CCW is the best program ever devised for human rights protection. If thugs cannot determine who's carrying, all people are safer. I was saved by putting my hand into my pocket, although all I had in there was keys and a quarter. The big jerk wasn't sure, so asked if I had a "gun." I said, "No," but he still wasn't going to risk it. Today, I'd say, "Yes!" cliffy

September 18, 2008, 12:22 AM
I think the bottom line would read better as Self-Defense Is Not A Crime. It Is A Human Right.

September 18, 2008, 12:47 AM
I like poster #11's thinking.. It would be better if it had dates to go along with the images.. Either way though, if your wanting opinions, I definitely like the second one better..

September 18, 2008, 01:02 AM
Definitely have a date giving background of the black and white image.

September 18, 2008, 02:16 AM
I'd put a year stamp on each, just to make that clear.

Right to vote: No
Right to effective self-defense: Yes

Right to vote: Yes
Right to effective self-defense: No

And I like the "Self defense is not a crime, it's a right" tag line.

Maybe "age" the "older" photo a bit ... sepia tone rather than B&W? Throw in some scratches, softer focus?

Gentleman Ranker
September 18, 2008, 07:08 AM
The second (latest) poster is best. I would add a link to your website. Once they get the poster's message, they should be curious about the subject. Tell them where to find out more!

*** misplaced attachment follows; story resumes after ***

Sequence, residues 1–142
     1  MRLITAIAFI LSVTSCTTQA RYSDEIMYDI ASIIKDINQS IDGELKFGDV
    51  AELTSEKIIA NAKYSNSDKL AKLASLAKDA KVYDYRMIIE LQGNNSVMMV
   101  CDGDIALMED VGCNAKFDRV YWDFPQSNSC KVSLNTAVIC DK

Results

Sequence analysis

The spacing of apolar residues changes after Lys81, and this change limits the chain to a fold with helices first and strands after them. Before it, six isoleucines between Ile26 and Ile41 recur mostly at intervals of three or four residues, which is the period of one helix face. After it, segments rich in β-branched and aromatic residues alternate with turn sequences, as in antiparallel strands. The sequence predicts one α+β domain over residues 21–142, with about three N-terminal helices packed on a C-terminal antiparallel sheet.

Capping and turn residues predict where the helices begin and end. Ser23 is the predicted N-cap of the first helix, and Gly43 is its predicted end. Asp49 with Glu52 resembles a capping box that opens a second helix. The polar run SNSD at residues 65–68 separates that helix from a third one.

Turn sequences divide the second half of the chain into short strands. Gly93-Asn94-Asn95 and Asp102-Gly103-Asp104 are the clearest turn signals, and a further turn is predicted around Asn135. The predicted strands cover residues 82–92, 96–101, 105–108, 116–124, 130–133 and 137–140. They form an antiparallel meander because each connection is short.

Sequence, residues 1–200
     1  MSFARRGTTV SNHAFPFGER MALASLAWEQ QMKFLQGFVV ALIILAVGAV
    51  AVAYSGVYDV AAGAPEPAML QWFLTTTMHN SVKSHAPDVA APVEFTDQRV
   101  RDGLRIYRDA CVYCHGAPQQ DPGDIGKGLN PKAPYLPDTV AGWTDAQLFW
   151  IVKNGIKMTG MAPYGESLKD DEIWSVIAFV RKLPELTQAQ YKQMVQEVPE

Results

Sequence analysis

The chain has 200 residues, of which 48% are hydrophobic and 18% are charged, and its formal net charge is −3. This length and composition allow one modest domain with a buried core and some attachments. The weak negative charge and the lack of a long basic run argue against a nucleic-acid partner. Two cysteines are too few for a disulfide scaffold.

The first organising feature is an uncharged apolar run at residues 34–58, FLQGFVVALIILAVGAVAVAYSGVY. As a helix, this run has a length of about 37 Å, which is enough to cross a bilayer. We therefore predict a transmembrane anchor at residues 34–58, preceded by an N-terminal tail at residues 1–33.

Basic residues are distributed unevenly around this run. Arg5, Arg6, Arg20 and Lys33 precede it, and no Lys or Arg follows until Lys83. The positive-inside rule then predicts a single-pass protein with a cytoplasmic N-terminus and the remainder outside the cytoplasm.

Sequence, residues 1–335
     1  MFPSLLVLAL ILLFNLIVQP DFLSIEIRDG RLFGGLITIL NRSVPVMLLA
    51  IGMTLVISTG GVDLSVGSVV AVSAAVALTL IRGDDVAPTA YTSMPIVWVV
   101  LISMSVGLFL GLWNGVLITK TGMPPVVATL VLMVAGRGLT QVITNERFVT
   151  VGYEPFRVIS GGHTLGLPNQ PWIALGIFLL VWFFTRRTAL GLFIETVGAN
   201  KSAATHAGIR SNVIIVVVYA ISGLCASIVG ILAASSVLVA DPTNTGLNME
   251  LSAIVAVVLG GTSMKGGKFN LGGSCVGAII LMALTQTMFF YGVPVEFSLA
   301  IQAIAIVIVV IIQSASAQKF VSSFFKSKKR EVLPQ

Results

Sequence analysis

I will say again that the most important thing(s) to think about for pro-RKBA materials -- as with any such material -- are:

1. Who is your audience?

2. What do you want them to think about? What do they already believe?

3. What should they do after seeing your poster?

It is also very important to think about what messages are or could be implicit, though not explicitly stated, in the poster's composition. Ask yourself, "What does the author of this message have to believe in order for this presentation of the message to make sense?"

As an example, the very first poster could be seen as implying that women were actually better off in the (unspecified) Old Days. I'm not saying that was the intention, just that it would not be hard for someone to think that the author believed that. Not good for us if they did take it that way. It is fundamental to this kind of communication to connect some New Idea with something that the audience already believes is a Good Thing.

For this newest one to make sense, the author clearly has to believe that

1. Human rights = Good

2. Human rights for women = Good.

3. Denial of human rights = Bad

You get the point. No one is going to argue with the above. This new poster implicitly connects the very general issue of women and firearms with these unambiguously good things.